United States currently seeks to build on its existing economic and trade relations with Africa, especially this fast-changing geopolitical situation. Without much criticisms, AGOA has helped during these years in supporting a fledgling manufacturing sector in industrial parks, it has had a meaningful impact in sectors like Ethiopia’s and Kenya’s textile industry and South Africa’s automotive industry.
United States has been gearing up so as not to lose its economic influence across Africa. South Africa’s trade amounted to an estimated $25.5 billion in 2022. Exports were $9.3 billion, imports were $16.2 billion. The U.S. goods and services trade deficit with South Africa was $6.9 billion in 2022.
Research also shows that since 2021, the U.S. Government has helped close more than 800 two-way trade and investment deals across 47 African countries for a total estimated value of over $18 billion, and the U.S. private sector has closed investment deals in Africa valued at $8.6 billion. U.S. goods and services traded with Africa totaled $83.6 billion in 2021.
U.S. Trade Representative Katherine Tai, ahead of the Africa Growth Opportunity Act forum in Johannesburg, has expressed optimistic that AGOA, which provides preferential trade arrangements for sub-Saharan African countries with the United States, would be renewed by the Congress. And of course, members of the U.S. Congress want to see AGOA benefits shared widely and used to create goodpaying jobs across Sub-Saharan Africa.
At previous high-level engagements, there was consensus to extend AGOA beyond 2025. The suggestion has been tabled before the US Administration. United States Trade Representative, Ambassador Katherine Tai, is committed to robust trade and economic collaboration with Sub-Saharan Africa.
During one of the meetings, Ambassador Katherine Tai, the African Ministers, and the Africa Group of Ambassadors underscored the following:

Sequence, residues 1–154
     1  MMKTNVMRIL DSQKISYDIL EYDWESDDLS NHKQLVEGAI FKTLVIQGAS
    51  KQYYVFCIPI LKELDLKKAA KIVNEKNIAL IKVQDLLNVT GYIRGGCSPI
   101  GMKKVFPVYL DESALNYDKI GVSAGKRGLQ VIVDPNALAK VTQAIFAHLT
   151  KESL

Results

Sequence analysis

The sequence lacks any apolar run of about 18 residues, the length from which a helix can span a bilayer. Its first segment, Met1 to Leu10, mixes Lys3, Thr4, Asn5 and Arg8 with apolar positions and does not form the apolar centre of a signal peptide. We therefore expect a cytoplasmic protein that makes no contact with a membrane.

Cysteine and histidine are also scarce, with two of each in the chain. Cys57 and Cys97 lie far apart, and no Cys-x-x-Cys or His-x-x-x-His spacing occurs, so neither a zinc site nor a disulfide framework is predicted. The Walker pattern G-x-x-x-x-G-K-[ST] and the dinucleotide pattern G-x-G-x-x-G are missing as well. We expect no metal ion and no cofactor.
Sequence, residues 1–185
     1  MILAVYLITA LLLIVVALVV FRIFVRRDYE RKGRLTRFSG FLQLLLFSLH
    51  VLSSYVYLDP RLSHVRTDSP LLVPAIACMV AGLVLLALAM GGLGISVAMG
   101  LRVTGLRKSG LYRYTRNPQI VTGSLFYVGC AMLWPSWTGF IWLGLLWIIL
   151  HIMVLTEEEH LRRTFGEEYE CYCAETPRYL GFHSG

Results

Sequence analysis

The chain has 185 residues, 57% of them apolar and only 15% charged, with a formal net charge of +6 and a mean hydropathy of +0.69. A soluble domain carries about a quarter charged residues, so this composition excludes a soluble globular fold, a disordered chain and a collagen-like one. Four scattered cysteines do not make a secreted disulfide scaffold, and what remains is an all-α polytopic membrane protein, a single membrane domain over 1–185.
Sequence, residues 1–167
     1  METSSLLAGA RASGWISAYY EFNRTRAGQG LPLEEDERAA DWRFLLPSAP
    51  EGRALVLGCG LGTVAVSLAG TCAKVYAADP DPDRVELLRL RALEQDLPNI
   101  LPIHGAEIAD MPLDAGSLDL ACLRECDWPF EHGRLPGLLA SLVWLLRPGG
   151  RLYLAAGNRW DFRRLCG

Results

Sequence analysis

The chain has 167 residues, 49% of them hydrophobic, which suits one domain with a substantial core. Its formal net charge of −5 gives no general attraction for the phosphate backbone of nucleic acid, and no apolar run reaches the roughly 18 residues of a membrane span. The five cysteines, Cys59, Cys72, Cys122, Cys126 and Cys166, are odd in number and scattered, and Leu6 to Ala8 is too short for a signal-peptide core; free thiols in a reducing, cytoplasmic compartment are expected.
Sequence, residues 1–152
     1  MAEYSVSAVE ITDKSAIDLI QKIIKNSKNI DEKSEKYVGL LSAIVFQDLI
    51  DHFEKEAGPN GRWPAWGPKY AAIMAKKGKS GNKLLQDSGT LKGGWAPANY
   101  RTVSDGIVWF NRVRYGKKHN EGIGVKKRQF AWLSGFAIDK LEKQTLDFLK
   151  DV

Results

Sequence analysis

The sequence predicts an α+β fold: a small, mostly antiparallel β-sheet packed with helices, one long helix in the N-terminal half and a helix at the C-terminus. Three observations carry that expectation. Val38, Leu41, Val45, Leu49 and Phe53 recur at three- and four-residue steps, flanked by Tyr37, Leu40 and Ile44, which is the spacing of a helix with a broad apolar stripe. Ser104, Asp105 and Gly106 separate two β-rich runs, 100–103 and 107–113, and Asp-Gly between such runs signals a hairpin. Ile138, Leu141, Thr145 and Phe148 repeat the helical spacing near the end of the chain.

* An extension of AGOA for at least ten years with the inclusion of African countries.
* The importance of Africa speaking with One Voice in all US-Africa trade and investment engagements.
* Enhanced commercial diplomacy between the US and Africa. There was also agreement that South Africa would host the next AGOA forum this year 2023.
Most United States enterprises are banking to explore the single continental market, the African Continental Free Trade Agreement (AfCFTA). As a corporate project initiated by the African Union (AU), it has the potential to unite more than 1.4 billion people in a $2.5 trillion economic bloc. It has the potential to generate a range of benefits through supporting trade creation, structural transformation, productive employment and poverty reduction. The AfCFTA opens up more opportunities for both local African and foreign investors from around the world.
Corporate Council on Africa, which is a leading reputable American business association, told me that the main focus is to increase US-Africa trade and investment. It further characterized the forum as a platform to highlight the progress made across sectors of Africa’s economy, including expanding opportunities in agriculture, industry and manufacturing, technology, health, agribusiness, tourism and financial services.
Corporate Council on Africa has assisted the government in contracting deals close more than 800 two-way trade and investment deals across 47 African countries for a total estimated value of over $18 billion, and the American private sector has closed investment deals in the continent valued at $8.6 billion since 2021.
The African Union (AU) spearheads Africa’s development and integration in close collaboration with the individual countries on the continent, with the Regional Economic Communities and African citizens. With its vision to accelerate progress towards an integrated Africa, it works closely with United States. Most importantly, the United States has more room for maneuvering with its institutional instruments. It now works closely with AU’s AfCFTA. On the other side, Africans flexibly visit the United States more than anywhere else in the world.
The AU has its representative office facilitating and coordinating activities and business interest in Washington. The White House and the Biden-Harris administration have been prioritizing comprehensive multifaceted relationships with various countries across Africa. The Biden-Harris Administration is committed to strengthening US-Africa trade and commercial relations and engaging Congress on the next steps for AGOA.